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Letters to the editor June 8

| June 8, 2020 1:00 AM

In this strange time of illness, stress, worry, and lack of certainty about what the world will look like next year, or even next month, many of us are finding sanity and solace in being outside. During the pandemic, people all over Montana are fortunate to be able to take advantage of public parks, trails, and other resources.

What many might not know is that hundreds of our parks and easily-accessible recreation areas have been made possible through the Land and Water Conservation Fund. The LWCF was passed in 1965 with the mission of creating opportunities for recreation throughout communities all across the United States. It had overwhelming bipartisan support.

Our lives today are shaped in many ways by the LWCF’s legacy, ways we might not even know about. I myself learned to swim in the early 1980s at Bozeman’s Bogert Park (approved for LWCF funding in 1973). These days, my own children learn archery by practicing at Lone Pine State Park (LWCF funded in 1983, and expanded through LWCF in 2002 and 2005) outside of Kalispell. I’ve probably fished from more access points than I can count that have been funded by LWCF grants all across Montana.

This program has given generations of American families incredible opportunities for learning, health, recreation, and fun. But it’s never been fully funded. Right now, our congressional leaders have a chance to remedy that situation. Full funding for the Land and Water Conservation Fund is being proposed as part of the Great American Outdoors Act.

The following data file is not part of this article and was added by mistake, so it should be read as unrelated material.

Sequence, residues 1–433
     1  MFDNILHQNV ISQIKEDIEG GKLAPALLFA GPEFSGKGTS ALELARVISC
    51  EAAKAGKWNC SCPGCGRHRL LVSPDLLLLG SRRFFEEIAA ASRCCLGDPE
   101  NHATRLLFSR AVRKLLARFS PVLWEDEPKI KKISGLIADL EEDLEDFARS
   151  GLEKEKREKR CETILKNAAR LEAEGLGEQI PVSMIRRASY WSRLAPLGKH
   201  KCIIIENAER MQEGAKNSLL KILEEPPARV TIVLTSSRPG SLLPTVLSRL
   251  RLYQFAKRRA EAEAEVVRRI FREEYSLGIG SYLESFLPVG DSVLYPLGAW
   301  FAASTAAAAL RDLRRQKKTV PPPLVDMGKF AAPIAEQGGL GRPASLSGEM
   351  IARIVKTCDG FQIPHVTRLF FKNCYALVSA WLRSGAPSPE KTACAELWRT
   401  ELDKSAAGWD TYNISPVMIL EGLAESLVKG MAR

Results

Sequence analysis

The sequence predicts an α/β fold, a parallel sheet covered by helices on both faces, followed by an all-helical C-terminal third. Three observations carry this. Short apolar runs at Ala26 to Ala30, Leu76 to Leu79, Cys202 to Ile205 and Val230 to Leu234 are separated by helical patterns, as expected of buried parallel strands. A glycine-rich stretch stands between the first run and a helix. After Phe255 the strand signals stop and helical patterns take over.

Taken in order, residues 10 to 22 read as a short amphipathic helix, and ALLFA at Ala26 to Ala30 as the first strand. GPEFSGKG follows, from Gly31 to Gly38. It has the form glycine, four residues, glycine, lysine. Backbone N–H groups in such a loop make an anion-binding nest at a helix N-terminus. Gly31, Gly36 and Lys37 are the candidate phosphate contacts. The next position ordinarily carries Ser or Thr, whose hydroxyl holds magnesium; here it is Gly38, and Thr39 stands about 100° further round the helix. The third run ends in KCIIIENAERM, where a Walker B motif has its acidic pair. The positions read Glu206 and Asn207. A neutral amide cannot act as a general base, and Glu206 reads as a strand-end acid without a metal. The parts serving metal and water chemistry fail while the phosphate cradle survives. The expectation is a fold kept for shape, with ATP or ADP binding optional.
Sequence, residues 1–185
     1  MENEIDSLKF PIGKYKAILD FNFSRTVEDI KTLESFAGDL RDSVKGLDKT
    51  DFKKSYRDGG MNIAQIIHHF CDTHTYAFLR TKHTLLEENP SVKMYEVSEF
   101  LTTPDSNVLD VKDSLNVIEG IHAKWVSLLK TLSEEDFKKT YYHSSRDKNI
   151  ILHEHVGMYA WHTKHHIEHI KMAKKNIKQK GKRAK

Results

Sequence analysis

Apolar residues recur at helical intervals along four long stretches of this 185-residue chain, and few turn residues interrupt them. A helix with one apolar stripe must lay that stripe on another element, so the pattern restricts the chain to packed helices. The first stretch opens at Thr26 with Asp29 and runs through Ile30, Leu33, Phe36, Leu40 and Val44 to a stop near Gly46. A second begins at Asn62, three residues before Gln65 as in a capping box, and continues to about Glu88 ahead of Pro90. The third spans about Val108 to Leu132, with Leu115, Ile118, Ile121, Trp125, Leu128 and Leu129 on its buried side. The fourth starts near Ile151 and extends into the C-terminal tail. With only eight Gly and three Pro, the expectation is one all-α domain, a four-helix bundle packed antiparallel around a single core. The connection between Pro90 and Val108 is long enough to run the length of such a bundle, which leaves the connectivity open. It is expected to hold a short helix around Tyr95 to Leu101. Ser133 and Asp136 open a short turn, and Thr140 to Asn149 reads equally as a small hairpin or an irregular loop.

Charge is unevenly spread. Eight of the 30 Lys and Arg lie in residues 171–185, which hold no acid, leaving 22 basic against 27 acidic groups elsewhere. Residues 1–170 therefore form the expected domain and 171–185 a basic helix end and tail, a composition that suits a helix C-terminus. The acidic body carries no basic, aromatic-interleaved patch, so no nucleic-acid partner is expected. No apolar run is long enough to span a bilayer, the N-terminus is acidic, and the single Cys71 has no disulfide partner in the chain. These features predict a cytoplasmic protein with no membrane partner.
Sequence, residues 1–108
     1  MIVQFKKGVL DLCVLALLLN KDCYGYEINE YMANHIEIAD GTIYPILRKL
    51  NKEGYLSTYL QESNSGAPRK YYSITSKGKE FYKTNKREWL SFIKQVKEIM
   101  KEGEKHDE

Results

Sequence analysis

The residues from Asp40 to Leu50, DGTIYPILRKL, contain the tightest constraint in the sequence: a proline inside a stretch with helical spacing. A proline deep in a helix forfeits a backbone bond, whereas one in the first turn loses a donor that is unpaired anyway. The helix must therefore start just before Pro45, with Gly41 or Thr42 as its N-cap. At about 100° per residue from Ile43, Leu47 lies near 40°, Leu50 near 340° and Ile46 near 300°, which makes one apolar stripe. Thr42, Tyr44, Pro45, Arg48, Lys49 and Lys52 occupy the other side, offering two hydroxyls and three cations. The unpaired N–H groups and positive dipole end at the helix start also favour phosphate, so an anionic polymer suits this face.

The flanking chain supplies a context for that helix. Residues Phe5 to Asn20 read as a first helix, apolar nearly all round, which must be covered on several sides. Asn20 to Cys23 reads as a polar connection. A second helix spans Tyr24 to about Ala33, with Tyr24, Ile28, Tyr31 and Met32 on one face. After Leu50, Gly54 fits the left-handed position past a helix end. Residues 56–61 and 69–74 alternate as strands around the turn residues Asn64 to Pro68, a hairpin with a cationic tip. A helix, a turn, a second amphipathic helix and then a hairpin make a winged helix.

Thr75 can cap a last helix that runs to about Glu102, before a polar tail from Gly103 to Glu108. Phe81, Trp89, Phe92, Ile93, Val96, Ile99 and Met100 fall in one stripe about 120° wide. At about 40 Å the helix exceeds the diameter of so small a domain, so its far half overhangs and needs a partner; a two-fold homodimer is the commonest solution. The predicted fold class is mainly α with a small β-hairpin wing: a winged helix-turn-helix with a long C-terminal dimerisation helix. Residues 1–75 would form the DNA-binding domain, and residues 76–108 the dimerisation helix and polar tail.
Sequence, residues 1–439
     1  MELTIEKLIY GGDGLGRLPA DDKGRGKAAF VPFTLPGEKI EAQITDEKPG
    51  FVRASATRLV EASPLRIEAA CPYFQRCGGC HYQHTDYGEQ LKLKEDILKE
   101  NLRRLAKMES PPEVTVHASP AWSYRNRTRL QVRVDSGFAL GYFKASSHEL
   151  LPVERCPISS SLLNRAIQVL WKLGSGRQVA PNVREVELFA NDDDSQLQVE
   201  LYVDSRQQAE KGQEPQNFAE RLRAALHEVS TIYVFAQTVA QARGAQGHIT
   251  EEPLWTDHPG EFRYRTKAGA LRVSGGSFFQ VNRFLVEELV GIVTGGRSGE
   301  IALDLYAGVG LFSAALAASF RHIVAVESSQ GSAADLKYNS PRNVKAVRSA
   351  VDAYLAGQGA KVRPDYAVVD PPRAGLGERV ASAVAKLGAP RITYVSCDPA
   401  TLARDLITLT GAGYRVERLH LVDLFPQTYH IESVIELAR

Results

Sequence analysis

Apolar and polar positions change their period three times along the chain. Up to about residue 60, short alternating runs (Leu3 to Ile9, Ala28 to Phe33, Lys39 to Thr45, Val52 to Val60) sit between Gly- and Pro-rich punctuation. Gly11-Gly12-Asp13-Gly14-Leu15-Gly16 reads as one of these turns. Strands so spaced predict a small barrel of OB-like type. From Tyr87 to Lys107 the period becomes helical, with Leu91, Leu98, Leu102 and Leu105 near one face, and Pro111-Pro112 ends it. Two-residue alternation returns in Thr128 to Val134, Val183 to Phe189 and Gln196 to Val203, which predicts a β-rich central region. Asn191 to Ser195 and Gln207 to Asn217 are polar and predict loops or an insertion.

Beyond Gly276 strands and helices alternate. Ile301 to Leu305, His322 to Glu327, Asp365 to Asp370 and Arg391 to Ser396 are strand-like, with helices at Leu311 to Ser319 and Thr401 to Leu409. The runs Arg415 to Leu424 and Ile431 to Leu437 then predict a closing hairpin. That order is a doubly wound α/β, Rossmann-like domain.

I strongly urge Senator Daines, Senator Tester, and Representative Gianforte to vote in favor of the GAOA and fully fund the LWCF. Future generations deserve the same benefits that mine and others have been gifted by some of the best that America has to offer.

—Antonia Malchik, Whitefish

I have a question that I’m hoping the Daily Inter Lake, or, its’ many readers can possibly answer. A few days ago, a friend told me how he was out at his storage unit unloading some items from his truck when he spied a couple of kids with BB type rifles in a field. Now, mind you, this was during the day when normally they’d be in school learning, but there they were and what he saw made him upset. They were shooting at robins and bluebirds! Trying to kill as many as they could. He did yell at them but they ignored him completely.

Is there or is there not some kind of protection for birds? And isn’t there a big fine for killing song birds, no matter where they land? It seems like I once read an article in the newspaper recently about protecting birds. They’re just starting to hatch out and the babies need both parents to keep them fed.

I certainly hope there’s an answer out there from someone. This kind of destructive, cruel behavior must be stopped!!

—Roxy Ray, Kalispell